English author Alan Garner is rooted in the language, places, and myths of his birthplace. Born in Congleton, Cheshire, on October 17, 1934, to a family of country people and craftsmen, he grew up in the village of Alderley Edge, where his ancestors had lived for generations. His village, now a suburb of Manchester, took its name from a great, wooded escarpment, a landmark on the Cheshire plain. Garner spent many childhood days exploring the land around Alderley Edge and getting to know the people of the countryside. Several severe illnesses, including a year long bout with meningitis, forced him to spend months in bed, where he read extensively and developed his imagination.
Garner attended Manchester Grammar School, then one of the most demanding schools in the country. There he found that home and school did not mix, that his dialect and even his way of thinking were not acceptable at school. Nevertheless, he rose to the challenge of the competitive environment and became a champion sprinter. After service in the Royal Artillery, he became the first in his family to attend a university. He studied classical languages at Magdalen College, Oxford. He left before taking his degree, but not before deciding to devote his life to writing. Returning to Cheshire, Garner moved into a medieval timbered house only a few miles from where he grew up. Here he has raised his own family.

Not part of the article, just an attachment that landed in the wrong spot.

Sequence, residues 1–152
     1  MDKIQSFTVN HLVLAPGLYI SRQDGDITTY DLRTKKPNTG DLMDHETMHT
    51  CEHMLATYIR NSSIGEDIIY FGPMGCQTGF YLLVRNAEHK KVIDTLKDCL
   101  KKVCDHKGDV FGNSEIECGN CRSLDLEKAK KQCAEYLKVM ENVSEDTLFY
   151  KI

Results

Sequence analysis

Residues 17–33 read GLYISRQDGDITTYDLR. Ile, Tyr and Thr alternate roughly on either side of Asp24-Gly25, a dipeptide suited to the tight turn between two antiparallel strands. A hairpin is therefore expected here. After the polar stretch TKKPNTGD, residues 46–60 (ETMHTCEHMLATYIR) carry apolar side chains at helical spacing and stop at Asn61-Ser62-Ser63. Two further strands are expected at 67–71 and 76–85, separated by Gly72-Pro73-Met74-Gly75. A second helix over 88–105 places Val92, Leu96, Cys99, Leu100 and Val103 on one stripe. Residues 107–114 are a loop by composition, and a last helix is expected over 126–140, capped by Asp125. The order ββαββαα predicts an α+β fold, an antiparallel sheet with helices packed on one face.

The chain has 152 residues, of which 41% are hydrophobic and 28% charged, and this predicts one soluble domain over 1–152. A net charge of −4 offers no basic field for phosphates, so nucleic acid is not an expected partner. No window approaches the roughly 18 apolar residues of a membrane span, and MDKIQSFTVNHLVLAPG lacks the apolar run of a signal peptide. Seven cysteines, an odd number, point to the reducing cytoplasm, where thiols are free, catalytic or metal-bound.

The sense of dislocation and alienation that resulted from Garner's...
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